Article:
What’s the cost for hosting an Episerver test environment on Azure? And what can you do to minimize those costs?
Calculating the price for hosting on Azure is a bit complex, so it’s hard to say what a certain setup would cost for you. You can use the price calculator here to see the list-price. But you should also take in to account the possible credits and discounts you get when having a Visual Studio subscription, or other benefits. You could, for example, subscribe to VS professional for $539/year, get $50/month as credits, and e.g. pay $30/month for a Basic (B1) web app, instead of $55/month.
For the rest of this post I will use the list-price (USD).
So, what’s the minimum price for an Epi environment on Azure?
You’ll need at least this:
- A “Free” web app. Yes it’s free, as in no costs at all, you can even use SSL.
- A “B1 Basic” SQL database. $5/month.
- Blob storage for your images/files + network traffic. <$5/month
In total, less than $10/month! The Free web app isn’t without limitations of course. There is a limit to how many “CPU minutes” you can use per day. Personally I’ve only reached that limit on a few occasions. When that happens an error message will be shown. You can just scale up, and within a minute you can continue to use the site.
If you want to use your own domain name, you need to use at least a “Shared” web app ($10/month).
For a “regular” test/development environment, storage and network traffic will be less than $5. But that could become higher of course. A while ago I was developing a site that used Episerver Find, where some parts of the site (including a lot of large pdf-files) were constantly being updated by an external system. All pdf-files where sent to Find for indexing, and since they where constantly updated, they got sent over and over again. In two weeks 18 Tb of data was sent to Find. Luckily we had set up a spending limit that alerted us before it became too costly.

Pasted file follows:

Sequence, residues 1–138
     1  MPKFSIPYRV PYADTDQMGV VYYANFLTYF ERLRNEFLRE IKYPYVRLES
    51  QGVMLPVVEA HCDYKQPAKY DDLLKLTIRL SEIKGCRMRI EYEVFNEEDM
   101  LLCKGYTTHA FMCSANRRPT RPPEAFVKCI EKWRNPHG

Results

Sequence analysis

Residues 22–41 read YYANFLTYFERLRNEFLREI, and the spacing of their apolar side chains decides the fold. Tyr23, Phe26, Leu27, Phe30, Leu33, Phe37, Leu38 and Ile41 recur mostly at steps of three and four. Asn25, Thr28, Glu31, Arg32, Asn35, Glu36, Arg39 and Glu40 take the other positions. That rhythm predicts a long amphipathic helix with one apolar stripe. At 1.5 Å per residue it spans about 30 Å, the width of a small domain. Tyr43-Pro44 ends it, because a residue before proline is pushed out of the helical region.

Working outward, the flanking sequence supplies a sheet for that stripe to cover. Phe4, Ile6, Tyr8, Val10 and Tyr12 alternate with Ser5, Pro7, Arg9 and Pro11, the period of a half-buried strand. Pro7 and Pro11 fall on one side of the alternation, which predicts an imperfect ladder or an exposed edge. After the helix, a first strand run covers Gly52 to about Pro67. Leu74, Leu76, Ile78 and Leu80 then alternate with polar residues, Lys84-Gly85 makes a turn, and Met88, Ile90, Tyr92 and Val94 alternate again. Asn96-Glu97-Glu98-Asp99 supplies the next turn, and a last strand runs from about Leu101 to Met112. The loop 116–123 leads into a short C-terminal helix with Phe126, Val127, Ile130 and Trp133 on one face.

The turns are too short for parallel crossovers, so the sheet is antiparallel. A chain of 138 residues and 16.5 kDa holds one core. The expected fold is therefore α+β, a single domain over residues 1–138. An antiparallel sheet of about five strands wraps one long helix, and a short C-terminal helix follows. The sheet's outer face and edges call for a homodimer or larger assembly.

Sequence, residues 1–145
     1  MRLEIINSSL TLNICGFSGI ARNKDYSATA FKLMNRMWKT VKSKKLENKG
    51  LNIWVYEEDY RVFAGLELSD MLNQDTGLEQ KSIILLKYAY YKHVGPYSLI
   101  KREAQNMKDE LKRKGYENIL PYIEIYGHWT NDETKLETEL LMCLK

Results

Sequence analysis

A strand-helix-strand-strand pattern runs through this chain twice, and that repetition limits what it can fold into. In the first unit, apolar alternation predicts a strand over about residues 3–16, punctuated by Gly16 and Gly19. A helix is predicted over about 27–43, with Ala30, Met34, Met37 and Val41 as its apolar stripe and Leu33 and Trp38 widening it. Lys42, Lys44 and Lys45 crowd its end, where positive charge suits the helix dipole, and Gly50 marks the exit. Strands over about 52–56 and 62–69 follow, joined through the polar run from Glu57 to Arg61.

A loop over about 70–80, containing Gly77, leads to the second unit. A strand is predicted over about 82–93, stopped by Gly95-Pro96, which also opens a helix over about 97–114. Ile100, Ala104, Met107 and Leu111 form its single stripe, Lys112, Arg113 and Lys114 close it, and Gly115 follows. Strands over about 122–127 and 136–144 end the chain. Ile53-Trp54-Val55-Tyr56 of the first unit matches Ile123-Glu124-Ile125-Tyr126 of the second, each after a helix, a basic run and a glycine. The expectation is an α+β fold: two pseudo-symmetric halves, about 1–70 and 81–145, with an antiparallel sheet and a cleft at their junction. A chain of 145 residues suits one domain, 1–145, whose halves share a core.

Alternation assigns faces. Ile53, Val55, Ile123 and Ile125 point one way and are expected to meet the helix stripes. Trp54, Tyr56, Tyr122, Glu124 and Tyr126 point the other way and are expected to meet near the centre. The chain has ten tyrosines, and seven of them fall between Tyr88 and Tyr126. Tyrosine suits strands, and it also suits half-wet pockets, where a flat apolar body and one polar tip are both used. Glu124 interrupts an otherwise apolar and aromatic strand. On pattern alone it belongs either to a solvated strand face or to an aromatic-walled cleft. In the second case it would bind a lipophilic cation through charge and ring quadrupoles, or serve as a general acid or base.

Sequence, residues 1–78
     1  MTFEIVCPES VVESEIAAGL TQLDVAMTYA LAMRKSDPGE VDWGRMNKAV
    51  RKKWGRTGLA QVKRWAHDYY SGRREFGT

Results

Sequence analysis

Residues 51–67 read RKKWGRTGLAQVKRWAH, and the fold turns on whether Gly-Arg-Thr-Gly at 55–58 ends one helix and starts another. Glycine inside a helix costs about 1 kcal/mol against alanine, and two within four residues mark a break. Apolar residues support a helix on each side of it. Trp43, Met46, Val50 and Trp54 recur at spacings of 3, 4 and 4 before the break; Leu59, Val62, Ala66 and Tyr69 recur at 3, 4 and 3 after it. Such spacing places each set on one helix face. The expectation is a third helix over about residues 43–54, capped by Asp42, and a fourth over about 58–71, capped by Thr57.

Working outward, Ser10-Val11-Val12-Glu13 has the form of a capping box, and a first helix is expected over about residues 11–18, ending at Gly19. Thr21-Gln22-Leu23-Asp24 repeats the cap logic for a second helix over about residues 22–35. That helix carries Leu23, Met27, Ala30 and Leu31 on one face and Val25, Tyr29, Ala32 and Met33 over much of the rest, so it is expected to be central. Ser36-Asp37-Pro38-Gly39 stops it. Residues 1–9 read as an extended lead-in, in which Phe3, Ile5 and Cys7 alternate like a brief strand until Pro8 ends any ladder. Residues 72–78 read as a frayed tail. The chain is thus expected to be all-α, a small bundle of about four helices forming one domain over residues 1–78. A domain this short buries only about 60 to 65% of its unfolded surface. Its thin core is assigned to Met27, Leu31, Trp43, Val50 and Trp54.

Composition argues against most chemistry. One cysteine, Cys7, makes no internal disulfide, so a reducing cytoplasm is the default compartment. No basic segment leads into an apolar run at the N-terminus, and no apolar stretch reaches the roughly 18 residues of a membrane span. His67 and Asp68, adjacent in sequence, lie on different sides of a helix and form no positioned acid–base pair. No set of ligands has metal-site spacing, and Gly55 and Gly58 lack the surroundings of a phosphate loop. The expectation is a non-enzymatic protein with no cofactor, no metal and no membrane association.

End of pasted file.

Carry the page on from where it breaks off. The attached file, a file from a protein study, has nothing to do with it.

But how does that minimum environment perform?
It actually works pretty well, at least when the site is warmed up, and pages are cached. If you feel you need more performance, the first thing you should do is to scale up the database.
Most times it works fine running an Episerver dev/test environment on a “B1 Basic” (5 DTU) SQL database, but on a few occasions I got yellow screen of death when I have done a new deploy. I guess it has happened when we’ve done larger changes to the Page/Block models. Scaling up the database fixes the problem. After Episerver´s first initialization with the new models, the database can be scaled down again.
Importing/exporting a BACPAC can be painfully slow on a “Basic” database. I usually scale up the database before importing/exporting, and then scale down when finished.
I’ve been hosting a large, multi-site, well used, test environment on an S0 database and B1 web appliction. Deployments are continuously done on every check-in, and manual and automated tests are done against that environment. It may not always be “production fast”, but it works really well. Not bad for an environment that costs around $75/month.
My best super-saver deluxe tip
The costs for Azure resources are usually calculated by the hour. If you really want to optimize costs, you can take advantage of the scaling possibilities in a cloud solution, and scale down to a minimum when the environment isn’t used. You could for example use Powershell to automatically scale down your environment during nights and weekends.
Now, buy some drinks for you and your colleagues, for all the money you saved! 🙂